Home prices soared in Pinellas and Hillsborough counties in January, the highest gains in several months.
Prices for single family homes also rose in Hernando and Pasco as the shortage of available homes showed no immediate sign of easing. The bay area market reflected a broader trend of rising prices and sluggish sales.
"The utter lack of sufficient housing supply muted overall sales activity in much of the U.S. last month," said Lawrence Yun, chief economist for the National Association of Realtors. "It's very clear that too many markets right now are becoming less affordable and desperately need more new listings to calm down the speedy price growth."
Nationally, prices for existing homes — houses, condos and townhomes — rose 5.8 percent in January compared to a year earlier but sales plunged by 4.8 percent, the biggest decline in more than three years.
In the Tampa Bay area, the median price of a house in Pinellas shot up 14 percent to $245,000. That was the biggest year-over- year increase since May. But the number of closed sales plunged by 12.8 percent.
In Hillsborough, prices jumped nearly 12 percent to a median of $234,945, the biggest increase since a year ago February, according to figures released today by Florida Realtors.
Hernando's median price rose 11.8 percent to $155,000, certainly an impressive gain but several percentage points less than during some months of last year. In Pasco, the median price rose 5.8 percent to $186,400.
But while steady price increases have been good for sellers, the market might soon be changing.
Rising mortgage would further depress sales. Rates for a 30-year, fixed rate mortgage are now in the 4.5 percent range, the highest in four years. Even a half point increase could jack up a monthly mortgage payment by $100 or more, enough to shut some buyers — especially first-timers — out of the market.
Fortunately, Tampa Bay still has the lowest housing costs among competing metro areas in Florida and other parts of the country, according to a Cost of Living Index report issued this month by the Tampa Hillsborough Economic Development Corp.
In the bay area, the cost of housing is 77 percent of the national average, about 12 percentage points less than that in Jacksonville and Orlando and far less than in Austin, Dallas and Denver.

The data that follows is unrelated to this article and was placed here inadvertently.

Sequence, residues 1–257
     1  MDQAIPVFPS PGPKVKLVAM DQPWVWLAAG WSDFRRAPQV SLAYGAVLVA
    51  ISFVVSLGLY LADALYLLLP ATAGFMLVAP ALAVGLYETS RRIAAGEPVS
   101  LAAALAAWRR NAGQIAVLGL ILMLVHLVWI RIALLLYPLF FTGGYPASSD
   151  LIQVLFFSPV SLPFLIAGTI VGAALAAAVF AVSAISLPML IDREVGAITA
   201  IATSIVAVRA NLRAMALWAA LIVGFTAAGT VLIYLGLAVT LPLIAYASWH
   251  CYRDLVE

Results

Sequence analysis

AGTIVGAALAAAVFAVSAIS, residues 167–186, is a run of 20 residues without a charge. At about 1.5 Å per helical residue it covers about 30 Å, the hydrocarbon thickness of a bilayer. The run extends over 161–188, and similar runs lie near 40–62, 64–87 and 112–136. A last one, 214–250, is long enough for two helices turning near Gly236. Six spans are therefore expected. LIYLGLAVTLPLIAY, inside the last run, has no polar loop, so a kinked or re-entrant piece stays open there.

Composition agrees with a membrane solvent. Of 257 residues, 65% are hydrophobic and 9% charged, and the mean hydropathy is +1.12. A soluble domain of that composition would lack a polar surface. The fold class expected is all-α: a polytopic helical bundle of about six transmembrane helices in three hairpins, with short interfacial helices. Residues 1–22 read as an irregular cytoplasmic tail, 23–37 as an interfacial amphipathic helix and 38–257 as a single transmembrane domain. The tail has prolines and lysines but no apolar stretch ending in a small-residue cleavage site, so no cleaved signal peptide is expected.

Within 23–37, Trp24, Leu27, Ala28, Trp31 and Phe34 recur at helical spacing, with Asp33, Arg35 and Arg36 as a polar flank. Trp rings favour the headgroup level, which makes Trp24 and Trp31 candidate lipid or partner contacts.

Tampa Bay "is attracting national attention for its vibrant food and craft beer scene, entrepreneurial buzz and amazing quality of life," Michelle Bauer, chief marketing officer for the Tampa- Hillsborough organization, said in a statement.
Bauer noted that the bay area ranks No. 1 in Florida for the availability of high-wage jobs in fields like information technology and financial services. "The excellent career opportunities combined with affordable home prices make Tampa an ideal place" to live, she said.
Pinellas County recorded January's top sale: $3.63 million for a six-bedroom, six-bath house under construction in Indian Shores. Listed for just $20,000 more, the house has a pool with a waterfall and a 30-foot-wide wall of glass looking out on the Gulf of Mexico.
In Tampa, a four-bedroom, five-bath estate overlooking the 17th hole of the Palma Ceia golf course sold for $3.4 million, nearly $300,000 less than the asking price but still Hillsborough County's top sale of the month.
In general, agent Jennifer Zales said, luxury homes that are updated and appropriately staged sell faster and for a higher price.
"It is also critical that a home is priced correctly," she said. "No matter how hot the market is, buyers will not buy overpriced listings. These homes will sit on the market and ultimately sell for a lower price in the long run. Listen to what the market is telling you about your home."
Pasco's priciest sale in January was $1.025 million for a 4,500-square-foot home in Trinity's Champions Club area. And in Hernando, a buyer paid $400,000 for a 4,000-square-foot home on 3.5 acres in Weeki Wachee.
For Florida as a whole, the median price of a single family home rose just over 9 percent to $240,000. Closed sales dropped by 1.3 percent.
Contact Susan Taylor Martin at firstname.lastname@example.org or (727) 893-8642. Follow@susanskate